The optokinetic reflex is classically considered to be the reflexive response of the eyes to the motion of a large visual field, which stabilizes the eyes during tracking of a large moving visual scene and matches slow-phase eye velocity to the velocity of the visual surround. The OKN reflex therefore is therefore complementary to the rVOR, but acting at low-frequencies.  Therefore, despite the fact that, during constant-velocity rotation, eye velocity will decay to zero, the same rotation in the presence of a surrounding visual field results in a steady-state nystagmus pattern that is sustained indefinitely, as necessary to compensate for the applied stimulus. 

Figure 1. Rotatory chair and rotatory drum (with vertical stripes) 

From: Brandt T, Strupp M. General vestibular testing. Clin Neurophysiol. 2005;116(2):406-426. doi:10.1016/j.clinph.2004.08.009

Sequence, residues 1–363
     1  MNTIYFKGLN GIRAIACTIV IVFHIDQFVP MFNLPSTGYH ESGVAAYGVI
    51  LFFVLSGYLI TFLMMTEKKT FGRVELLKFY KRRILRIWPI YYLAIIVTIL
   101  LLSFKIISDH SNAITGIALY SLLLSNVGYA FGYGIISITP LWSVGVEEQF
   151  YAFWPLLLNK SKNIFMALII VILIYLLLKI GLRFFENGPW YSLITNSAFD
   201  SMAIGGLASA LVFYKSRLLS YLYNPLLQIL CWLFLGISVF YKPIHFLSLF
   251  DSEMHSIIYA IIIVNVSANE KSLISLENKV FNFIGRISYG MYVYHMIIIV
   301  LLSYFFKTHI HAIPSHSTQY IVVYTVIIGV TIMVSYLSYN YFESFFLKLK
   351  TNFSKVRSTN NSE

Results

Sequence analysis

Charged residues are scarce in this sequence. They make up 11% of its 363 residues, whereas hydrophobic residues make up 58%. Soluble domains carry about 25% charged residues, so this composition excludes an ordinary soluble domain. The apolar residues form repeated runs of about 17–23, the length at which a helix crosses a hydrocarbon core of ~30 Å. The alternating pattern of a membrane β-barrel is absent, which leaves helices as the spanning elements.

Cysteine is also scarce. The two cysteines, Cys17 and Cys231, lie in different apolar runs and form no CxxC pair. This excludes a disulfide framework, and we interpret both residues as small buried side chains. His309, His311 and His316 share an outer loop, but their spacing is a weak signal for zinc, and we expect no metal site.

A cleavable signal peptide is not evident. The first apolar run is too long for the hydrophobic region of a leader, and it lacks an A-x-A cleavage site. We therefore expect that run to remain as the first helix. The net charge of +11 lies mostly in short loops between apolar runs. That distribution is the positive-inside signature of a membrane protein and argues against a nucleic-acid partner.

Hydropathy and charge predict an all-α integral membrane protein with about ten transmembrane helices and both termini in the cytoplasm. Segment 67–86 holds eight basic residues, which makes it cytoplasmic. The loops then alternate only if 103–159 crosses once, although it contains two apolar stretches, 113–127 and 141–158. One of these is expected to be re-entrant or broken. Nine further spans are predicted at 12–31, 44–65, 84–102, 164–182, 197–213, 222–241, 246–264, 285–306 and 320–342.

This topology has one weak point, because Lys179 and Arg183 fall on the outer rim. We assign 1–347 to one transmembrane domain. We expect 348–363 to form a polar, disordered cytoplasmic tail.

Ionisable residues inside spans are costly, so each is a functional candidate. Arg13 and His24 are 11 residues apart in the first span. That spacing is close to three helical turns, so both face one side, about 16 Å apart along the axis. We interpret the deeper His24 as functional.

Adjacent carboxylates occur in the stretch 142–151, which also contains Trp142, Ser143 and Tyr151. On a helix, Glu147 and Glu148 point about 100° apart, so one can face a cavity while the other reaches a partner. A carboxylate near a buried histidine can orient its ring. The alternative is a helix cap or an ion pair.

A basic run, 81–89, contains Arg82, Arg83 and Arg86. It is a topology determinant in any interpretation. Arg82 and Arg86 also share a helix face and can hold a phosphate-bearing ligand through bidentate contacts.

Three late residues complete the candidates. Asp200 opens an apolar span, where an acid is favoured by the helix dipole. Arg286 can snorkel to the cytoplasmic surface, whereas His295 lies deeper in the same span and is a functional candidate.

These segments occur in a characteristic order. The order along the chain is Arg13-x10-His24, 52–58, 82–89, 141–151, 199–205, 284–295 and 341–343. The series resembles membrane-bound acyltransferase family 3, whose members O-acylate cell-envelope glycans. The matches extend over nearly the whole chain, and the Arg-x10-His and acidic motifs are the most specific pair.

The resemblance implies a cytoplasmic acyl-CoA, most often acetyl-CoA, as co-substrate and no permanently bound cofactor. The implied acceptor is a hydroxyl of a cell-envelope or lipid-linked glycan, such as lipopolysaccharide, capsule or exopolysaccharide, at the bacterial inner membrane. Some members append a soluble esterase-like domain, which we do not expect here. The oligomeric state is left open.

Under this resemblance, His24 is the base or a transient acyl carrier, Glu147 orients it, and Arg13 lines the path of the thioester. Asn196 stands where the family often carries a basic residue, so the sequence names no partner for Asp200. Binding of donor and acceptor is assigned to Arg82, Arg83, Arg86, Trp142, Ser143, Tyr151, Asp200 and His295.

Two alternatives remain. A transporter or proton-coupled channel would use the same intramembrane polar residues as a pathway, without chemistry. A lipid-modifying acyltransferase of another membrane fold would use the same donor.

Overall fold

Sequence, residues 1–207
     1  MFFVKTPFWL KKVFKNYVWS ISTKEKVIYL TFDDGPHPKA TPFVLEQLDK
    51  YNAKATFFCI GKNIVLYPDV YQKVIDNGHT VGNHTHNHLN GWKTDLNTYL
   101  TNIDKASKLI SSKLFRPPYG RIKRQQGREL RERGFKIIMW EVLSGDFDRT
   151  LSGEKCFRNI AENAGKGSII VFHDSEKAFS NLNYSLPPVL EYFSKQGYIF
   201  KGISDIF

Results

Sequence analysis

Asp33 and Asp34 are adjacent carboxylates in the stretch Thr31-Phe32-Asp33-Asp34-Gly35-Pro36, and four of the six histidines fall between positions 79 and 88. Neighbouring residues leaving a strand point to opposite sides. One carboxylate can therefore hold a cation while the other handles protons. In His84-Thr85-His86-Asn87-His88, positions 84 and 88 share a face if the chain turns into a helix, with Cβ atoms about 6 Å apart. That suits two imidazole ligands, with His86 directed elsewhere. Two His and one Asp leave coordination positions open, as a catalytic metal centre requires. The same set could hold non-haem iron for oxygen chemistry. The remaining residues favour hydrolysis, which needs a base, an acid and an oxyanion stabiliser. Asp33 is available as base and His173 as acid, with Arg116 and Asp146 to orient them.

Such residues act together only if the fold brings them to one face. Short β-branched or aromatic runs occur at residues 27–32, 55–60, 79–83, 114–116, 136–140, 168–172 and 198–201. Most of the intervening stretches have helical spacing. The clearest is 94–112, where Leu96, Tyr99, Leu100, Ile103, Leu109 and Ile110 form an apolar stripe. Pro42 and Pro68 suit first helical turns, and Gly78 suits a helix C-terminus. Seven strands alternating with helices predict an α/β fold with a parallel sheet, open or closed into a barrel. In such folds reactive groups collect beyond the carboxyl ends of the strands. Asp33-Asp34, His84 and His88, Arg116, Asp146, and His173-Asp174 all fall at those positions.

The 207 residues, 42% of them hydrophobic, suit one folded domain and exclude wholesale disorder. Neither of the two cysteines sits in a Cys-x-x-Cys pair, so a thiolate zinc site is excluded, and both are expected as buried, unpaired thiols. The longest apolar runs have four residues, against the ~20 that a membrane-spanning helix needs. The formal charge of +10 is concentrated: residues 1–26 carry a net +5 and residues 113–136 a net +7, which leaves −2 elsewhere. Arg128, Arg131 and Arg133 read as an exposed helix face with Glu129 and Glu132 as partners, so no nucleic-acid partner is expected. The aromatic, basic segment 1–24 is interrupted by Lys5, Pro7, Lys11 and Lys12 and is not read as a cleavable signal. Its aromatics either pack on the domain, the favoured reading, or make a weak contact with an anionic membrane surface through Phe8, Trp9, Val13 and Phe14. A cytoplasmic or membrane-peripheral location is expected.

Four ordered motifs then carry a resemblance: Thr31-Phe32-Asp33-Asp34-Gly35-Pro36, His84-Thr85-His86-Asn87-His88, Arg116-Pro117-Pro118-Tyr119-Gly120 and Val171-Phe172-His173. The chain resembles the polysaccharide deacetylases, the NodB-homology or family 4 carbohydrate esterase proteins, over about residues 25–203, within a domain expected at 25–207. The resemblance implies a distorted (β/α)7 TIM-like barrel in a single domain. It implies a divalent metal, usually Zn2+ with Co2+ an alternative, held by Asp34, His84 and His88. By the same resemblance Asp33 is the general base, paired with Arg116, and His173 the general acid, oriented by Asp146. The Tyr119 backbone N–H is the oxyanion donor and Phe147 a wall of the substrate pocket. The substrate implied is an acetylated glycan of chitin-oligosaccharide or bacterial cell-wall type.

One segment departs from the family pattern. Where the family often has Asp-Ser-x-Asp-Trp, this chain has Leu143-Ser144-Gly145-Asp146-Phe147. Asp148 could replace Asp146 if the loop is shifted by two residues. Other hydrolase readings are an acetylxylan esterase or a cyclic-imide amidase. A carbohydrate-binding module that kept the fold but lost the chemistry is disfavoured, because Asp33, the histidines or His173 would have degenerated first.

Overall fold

In the laboratory, the OKN system is usually stimulated by rotating a large patterned drum around the stationary subject. Under these circumstances, the nystagmus pattern typically consists of a fast-velocity rise, followed by a slower increase in eye velocity to a steady-state level that is proportional to the rotational velocity of the drum; the eyes will track the full-field rotation of the patterned stripes on the drum with a nystagmus pattern of slow phases in the direction of drum rotation and quick phases in the opposite direction3.

Video 1. Full field OKN


(vv)Optokinetic To The Right For Projection 2.mp4(tt)